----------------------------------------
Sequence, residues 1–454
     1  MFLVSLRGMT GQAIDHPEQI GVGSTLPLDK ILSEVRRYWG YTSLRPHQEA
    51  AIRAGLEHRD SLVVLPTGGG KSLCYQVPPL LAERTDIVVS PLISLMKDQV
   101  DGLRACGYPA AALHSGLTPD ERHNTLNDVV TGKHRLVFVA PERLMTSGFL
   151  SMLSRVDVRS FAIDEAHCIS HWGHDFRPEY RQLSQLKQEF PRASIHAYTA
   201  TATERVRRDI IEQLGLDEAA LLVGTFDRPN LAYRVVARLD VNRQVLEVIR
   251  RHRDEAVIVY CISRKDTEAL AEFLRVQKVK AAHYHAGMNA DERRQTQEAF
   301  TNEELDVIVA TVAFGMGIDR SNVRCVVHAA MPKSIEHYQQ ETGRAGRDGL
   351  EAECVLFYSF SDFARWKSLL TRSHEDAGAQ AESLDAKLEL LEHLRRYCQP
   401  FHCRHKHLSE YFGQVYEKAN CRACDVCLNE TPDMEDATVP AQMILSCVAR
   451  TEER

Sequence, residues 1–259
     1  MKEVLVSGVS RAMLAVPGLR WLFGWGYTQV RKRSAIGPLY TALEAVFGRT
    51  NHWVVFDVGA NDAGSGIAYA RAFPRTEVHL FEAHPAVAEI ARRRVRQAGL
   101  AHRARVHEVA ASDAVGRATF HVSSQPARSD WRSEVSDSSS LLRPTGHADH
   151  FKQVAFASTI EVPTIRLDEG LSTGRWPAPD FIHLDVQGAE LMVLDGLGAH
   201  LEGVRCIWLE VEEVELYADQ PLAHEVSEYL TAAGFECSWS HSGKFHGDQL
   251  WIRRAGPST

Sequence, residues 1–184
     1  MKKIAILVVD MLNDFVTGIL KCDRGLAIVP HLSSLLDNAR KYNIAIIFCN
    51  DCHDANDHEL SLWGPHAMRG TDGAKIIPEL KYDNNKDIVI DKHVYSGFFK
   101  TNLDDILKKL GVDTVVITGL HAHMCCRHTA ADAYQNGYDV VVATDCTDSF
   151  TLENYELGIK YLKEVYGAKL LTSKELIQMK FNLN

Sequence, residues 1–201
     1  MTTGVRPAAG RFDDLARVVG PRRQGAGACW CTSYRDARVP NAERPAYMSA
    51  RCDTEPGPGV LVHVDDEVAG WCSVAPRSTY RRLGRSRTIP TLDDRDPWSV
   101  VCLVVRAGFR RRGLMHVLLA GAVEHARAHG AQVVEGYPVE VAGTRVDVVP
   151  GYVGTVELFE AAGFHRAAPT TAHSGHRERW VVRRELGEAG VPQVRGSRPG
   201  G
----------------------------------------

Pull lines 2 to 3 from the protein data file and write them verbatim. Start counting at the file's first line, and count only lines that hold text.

     1  MFLVSLRGMT GQAIDHPEQI GVGSTLPLDK ILSEVRRYWG YTSLRPHQEA
    51  AIRAGLEHRD SLVVLPTGGG KSLCYQVPPL LAERTDIVVS PLISLMKDQV